HE is doing his level best to explain away the chunky gold ring he is sporting on his left hand.

Perhaps Jax Thoirs, the Scottish pole vaulter, named this week in Team Scotland for the Gold Coast Commonwealth Games in April, also has another four gold rings somewhere in his possession and it is something to do with that Christmas song? No, as he patiently explains, it is his NCAA pole vault championship ring, from the 2016 collegiate indoor championships, back last March – when he was doing a sports scholarship and a degree in sociology at the University of Washington in Seattle.

“It’s my national championship ring,” said Thoirs. “Normally people don’t wear them. But I just thought I’ll be a douche and do it! People have taken notice of it. It’s pretty obvious. I think they look at it and think I won the Super Bowl or something.”

This 24-year-old, who calls himself a “full time dreamer” on his Twitter profile, has seen enough in his life not to define success and failure by bringing back lumps of precious metal, but let’s just say he hopes to make a few people sit up and take notice again in the Gold Coast this April.

Now back in Scotland working under Colin Sinclair – he is an undergraduate student again too, this time for a psychology qualification at Glasgow Caledonian University – Thoirs is energised about the prospect of competing for his country in an event where he finished fourth at Glasgow 2014.

The study helps him make sense of the own fluctuations in his own moods too: he freely admits that there were times, particularly around the time of missing out on the Rio Olympics late last year, that he was considering giving up on the sport which he has devoted much of his existence to since giving up gymnastics as a kid.

Now he has stripped things back, and just focused on what drew him into the sport in the first place – the adrenalin junkie’s thrill of propelling himself over that bar.

“I do miss Seattle but I feel pretty settled here,” said Thoirs. “I’ve found a new coach this year who I’ve been training with, Colin Sinclair – I actually used to train with his son back in the day. Things are going well, I’m in good shape, I love the training group. Everyone is motivated. I’m happy to be back in Scotland.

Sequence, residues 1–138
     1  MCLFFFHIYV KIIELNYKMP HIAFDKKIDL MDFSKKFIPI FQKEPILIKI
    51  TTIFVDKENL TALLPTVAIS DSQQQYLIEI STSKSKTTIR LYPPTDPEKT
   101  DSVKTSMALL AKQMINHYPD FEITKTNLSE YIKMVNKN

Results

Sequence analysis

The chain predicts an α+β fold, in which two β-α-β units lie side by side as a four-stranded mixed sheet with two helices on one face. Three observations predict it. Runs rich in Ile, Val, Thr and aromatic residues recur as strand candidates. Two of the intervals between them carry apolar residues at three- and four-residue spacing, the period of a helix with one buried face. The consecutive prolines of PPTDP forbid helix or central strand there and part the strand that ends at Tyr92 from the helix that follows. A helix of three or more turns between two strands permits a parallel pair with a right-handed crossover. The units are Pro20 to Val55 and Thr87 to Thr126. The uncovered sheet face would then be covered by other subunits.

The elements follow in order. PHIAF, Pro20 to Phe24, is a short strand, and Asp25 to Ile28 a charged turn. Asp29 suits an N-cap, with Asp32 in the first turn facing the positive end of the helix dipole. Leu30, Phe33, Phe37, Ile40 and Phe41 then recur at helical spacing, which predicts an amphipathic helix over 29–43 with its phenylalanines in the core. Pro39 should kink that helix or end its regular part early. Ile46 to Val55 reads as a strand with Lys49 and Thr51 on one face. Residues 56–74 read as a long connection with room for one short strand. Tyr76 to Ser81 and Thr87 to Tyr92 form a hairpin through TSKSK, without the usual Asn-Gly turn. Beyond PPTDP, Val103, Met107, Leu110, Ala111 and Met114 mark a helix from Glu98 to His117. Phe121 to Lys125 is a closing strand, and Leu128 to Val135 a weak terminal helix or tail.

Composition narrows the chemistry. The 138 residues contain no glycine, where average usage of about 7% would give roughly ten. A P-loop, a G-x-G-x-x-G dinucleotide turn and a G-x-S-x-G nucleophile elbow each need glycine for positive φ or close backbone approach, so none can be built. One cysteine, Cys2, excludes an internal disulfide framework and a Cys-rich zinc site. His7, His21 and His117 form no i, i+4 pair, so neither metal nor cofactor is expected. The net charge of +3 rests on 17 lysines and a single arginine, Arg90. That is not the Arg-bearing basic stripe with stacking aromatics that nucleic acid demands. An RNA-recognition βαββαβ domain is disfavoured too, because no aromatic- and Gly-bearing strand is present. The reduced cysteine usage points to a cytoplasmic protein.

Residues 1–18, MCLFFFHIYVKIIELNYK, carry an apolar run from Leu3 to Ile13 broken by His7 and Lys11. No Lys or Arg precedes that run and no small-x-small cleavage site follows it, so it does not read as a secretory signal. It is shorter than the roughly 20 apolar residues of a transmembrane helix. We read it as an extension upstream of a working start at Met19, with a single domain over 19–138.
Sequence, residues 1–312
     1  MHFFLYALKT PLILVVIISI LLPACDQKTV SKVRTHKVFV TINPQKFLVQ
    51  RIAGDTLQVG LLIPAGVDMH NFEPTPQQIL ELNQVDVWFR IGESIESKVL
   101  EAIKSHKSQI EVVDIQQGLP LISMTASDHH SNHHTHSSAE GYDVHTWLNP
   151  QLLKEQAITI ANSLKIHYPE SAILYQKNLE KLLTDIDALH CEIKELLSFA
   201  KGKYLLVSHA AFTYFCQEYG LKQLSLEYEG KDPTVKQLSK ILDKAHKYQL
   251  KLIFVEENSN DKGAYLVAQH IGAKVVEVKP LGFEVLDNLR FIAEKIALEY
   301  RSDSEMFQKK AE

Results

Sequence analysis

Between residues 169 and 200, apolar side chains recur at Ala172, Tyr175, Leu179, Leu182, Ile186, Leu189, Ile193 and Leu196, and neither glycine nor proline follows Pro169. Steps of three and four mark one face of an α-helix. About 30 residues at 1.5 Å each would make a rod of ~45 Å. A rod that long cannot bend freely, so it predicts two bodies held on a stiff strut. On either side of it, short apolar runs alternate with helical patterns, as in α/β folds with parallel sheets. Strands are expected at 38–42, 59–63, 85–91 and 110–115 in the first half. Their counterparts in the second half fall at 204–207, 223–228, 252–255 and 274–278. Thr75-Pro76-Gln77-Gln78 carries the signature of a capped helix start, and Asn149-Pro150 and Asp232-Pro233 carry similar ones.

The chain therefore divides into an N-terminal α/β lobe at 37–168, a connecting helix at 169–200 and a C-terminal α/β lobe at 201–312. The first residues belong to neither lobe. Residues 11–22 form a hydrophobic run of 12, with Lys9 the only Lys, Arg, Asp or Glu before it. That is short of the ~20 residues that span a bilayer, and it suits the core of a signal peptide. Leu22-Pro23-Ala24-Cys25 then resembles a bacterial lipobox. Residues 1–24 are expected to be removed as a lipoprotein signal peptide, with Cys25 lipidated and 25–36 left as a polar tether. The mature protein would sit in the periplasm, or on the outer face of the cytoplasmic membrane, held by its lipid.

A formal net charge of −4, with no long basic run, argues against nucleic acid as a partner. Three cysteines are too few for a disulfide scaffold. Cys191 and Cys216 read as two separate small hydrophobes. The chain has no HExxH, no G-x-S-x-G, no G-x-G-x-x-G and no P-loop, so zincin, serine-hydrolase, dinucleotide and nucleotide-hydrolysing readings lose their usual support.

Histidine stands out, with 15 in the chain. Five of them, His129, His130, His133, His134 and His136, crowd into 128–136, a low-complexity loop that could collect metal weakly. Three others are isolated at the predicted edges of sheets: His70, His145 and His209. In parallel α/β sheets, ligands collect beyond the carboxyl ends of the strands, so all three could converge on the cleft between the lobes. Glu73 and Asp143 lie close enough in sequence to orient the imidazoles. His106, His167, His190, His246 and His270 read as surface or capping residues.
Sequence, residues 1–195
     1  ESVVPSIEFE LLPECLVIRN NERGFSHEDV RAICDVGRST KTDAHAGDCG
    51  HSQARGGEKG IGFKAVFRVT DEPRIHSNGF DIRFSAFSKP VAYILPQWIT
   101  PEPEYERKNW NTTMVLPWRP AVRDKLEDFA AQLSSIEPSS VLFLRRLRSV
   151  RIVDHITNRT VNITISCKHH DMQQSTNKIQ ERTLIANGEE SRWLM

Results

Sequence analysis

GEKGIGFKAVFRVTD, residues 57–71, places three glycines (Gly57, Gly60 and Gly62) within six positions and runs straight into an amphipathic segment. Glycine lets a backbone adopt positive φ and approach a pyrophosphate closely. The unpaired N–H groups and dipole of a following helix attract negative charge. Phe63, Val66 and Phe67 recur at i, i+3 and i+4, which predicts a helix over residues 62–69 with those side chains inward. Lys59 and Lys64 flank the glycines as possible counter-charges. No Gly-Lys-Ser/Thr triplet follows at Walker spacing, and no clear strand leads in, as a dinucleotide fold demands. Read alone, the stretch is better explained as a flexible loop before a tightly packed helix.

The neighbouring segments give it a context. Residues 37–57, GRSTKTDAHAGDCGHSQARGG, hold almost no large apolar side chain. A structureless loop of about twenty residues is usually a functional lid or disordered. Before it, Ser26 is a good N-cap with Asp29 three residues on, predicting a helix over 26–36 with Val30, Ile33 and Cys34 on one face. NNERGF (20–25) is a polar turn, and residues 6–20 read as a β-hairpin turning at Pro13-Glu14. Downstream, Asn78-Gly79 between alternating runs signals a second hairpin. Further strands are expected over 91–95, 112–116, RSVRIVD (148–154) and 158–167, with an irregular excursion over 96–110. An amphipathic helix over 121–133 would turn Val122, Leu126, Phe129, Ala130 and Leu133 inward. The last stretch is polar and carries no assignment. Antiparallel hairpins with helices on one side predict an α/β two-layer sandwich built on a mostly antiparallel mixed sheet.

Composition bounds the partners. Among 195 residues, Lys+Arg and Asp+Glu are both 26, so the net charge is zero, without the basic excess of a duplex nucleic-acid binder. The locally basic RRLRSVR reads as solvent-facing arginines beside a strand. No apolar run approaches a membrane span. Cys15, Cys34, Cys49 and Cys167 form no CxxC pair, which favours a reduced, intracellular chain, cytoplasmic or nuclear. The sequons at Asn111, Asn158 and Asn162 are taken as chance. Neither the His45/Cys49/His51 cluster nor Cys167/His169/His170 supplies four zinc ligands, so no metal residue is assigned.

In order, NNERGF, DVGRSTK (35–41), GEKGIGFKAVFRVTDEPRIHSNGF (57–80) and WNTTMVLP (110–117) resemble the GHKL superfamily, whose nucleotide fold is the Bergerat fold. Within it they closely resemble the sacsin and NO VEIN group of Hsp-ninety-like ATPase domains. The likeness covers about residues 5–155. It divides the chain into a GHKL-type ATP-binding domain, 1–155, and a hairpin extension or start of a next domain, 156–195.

“To be honest I wasn’t very motivated around the time of Rio,” he added. “So part of me sees missing it as a blessing in disguise. I think if I’d gone to Rio I might have just quit after it. Not going has given me time to find the love for the sport again.

“When you’re doing something for that long, since you were 14 years old, you’re going to have dips in motivation. But I’ve started realising now that I’m only doing this because I like pole vaulting and not for any reason – not to try and make a living out of it and once I started thinking like that again I feel like I’m just enjoying it and I’m not worried about what happens or the consequences anymore.

“The closer you get to the funding and the sponsorship, thoughts about that start creeping into your head. You start not concentrating on why you started pole vault in the first place. I’ve gone back to the point where anything is a bonus

“I think that’s the best mindset to have. I’m at university which is effectively to get my SAS loans to keep pole vaulting for four more years. It’s really good to have something else in your life to balance things.”

Just occasionally, Thoirs seeks an even higher octane thrills. “I went sky-diving last year,” he said. “That was pretty fun. And sometimes now we go to the Falls of Falloch which is an hour away from Glasgow. It’s like a ten-metre cliff and we jump off that into the water. It’s pretty fun.

“Is there anything I’ve been talked out of? I’m trying to think. I’m not going to do anything where there’s a really high chance of injury. But show me something and there’s a good chance I’ll want to try it.”